How ATM Fraud Nearly Knobbled British Banking


A Register story that would make your hair curl. It covers both the bent IT department of "a major UK High Street Bank" that was tapping into peoples bank accounts by tweaking the allocation of PIN numbers. And the lawyer who fought the banks apparently charges £1,750 per hour (plus VAT), which is more that most readers of TW (I decline from saying all). I quote below the meat of how its done, as it is a bit buried in the article. Anybody heading for a cashpoint this weekend?

They say that the introduction of the "new" chip and pin cards have solved the problem. Like the ill fated Enigma Machine, the Banks believe their system is infallable. Anyone that deals with computer systems knows that there is always a way in, if you have the time and inclination.

The Lotus Lady was interesting because her ATM card didn't debit her account. It gave her money, but heaven knew where from. Kelman thought for a moment and realised that there must be thousands of such cards - and after a little more thought, how it had happened. How could there be thousands of such cards? Because the chances of any two random people meeting in the UK population at that time were 25 million to 1. For one of them to have the only card in existence that debited other peoples' accounts was absurd. He'd been on the case for six months, met - say - 3,000 people through it - and one of them had such a card. The odds only work if thousands of people are walking around with cards like that, or potentially could be. They had the wrong magnetic stripe on the card: the front was embossed with the holder's details, but the account and PIN encrypted on the stripe pointed somewhere else. How wouldn't that be spotted?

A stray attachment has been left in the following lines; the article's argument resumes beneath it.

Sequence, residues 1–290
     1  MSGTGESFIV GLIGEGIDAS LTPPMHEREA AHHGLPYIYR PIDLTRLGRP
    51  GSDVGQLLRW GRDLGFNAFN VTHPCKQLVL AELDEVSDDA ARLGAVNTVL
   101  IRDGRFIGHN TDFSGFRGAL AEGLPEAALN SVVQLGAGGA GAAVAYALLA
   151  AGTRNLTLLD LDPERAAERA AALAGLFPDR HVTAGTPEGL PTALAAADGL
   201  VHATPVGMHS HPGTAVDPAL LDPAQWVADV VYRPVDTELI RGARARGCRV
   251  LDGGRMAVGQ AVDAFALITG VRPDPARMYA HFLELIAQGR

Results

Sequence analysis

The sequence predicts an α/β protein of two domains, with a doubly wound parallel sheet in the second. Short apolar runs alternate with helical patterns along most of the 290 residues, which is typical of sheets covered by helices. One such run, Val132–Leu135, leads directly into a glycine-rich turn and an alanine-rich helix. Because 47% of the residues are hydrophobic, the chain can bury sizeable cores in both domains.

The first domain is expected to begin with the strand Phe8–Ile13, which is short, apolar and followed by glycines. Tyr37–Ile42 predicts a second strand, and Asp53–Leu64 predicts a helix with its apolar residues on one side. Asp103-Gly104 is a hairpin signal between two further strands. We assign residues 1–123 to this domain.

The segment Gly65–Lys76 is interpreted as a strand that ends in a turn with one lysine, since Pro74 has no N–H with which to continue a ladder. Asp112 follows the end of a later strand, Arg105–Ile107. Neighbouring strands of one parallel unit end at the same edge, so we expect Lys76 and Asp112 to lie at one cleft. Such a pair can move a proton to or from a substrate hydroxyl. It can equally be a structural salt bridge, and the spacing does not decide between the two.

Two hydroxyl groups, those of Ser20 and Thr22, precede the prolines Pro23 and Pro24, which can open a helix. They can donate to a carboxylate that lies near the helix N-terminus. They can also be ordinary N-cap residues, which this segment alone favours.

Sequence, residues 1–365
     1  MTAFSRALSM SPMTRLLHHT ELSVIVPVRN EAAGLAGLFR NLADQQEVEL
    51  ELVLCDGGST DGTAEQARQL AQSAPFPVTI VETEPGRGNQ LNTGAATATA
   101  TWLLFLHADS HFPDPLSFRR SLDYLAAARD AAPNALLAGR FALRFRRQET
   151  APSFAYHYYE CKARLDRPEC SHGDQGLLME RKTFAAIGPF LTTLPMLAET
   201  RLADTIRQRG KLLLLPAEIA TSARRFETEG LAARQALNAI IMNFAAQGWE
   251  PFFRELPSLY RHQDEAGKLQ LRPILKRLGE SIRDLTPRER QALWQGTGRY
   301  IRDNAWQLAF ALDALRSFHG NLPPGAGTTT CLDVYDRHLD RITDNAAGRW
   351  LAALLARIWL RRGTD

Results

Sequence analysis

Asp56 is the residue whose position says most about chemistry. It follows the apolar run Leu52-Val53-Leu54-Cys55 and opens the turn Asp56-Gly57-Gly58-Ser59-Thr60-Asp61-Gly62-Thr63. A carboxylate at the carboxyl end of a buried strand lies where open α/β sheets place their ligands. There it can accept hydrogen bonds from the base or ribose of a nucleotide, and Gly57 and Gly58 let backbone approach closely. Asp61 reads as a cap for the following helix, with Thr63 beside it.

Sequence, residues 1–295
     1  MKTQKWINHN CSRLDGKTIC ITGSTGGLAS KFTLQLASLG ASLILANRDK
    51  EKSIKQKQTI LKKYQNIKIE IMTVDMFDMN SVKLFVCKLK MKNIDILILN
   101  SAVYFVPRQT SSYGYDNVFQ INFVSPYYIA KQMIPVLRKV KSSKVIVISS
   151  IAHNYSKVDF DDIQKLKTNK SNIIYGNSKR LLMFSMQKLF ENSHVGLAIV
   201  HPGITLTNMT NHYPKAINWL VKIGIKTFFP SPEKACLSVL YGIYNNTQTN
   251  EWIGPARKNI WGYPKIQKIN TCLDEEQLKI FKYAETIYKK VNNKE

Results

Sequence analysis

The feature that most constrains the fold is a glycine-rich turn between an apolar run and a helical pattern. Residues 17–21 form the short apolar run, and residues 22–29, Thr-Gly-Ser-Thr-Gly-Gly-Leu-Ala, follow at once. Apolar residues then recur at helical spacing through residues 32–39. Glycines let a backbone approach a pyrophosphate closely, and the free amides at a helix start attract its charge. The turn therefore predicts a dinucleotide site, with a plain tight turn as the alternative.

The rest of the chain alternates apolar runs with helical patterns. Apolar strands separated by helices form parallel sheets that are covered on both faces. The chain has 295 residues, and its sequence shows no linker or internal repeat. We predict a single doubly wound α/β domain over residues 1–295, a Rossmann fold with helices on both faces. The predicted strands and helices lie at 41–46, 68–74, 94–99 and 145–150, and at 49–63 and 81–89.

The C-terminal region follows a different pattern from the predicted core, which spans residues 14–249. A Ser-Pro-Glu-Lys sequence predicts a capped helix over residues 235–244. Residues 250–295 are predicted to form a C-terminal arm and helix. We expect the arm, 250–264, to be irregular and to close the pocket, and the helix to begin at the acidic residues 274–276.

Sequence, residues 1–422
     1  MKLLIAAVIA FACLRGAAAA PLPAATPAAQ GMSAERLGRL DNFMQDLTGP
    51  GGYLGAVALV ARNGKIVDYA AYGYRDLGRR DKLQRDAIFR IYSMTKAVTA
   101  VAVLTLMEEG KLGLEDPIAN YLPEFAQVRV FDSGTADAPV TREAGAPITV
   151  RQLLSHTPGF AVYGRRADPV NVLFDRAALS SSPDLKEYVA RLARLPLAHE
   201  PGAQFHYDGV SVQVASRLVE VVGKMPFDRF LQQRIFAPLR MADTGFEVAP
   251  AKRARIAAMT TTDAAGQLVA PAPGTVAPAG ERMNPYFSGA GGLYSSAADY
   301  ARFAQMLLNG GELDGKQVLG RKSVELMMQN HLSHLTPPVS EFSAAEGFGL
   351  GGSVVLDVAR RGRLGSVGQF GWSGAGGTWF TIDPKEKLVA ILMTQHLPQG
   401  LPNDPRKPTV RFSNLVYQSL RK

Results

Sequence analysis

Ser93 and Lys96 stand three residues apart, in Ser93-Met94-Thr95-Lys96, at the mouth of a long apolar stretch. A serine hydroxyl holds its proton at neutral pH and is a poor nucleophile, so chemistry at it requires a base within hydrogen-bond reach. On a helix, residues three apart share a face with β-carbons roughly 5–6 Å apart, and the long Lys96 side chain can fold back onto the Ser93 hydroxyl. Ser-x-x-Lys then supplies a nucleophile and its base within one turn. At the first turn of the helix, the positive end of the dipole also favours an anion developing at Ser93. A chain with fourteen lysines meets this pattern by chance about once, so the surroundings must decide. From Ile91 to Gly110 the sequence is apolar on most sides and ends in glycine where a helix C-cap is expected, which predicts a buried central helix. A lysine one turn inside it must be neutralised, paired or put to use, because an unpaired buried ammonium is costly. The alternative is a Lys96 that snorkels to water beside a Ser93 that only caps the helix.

Simple: dummy accounts. To do their testing in an environment where the bank systems had to work all the time, the computing teams set up a parallel universe of dummy banks, dummy branches and dummy accounts. But they generated real ATM cards for them, and could take out real money - authorised by the banks. Some people were getting dummy cards.

The computing staff at one bank - the Rogue bank - had discovered through the dummy accounts how to fix the PIN generator so that it would only generate three different PINs in all the PINs issued. By creating a number of dummy accounts and getting new PINs issued for them, they could capture the sequence. Then all that was needed was to recode the cards so they would point to different account numbers, try the three PINs (ATMs gave you three chances) and they were away.


Good article

Now, that means that with the Chip and Pin system (which incidentally takes about 3-5 times per transaction than the previous system) is in force in the UK. Is the US banking system still open to fraud?

The computer says No

I don't trust computers. I trust banks even less.

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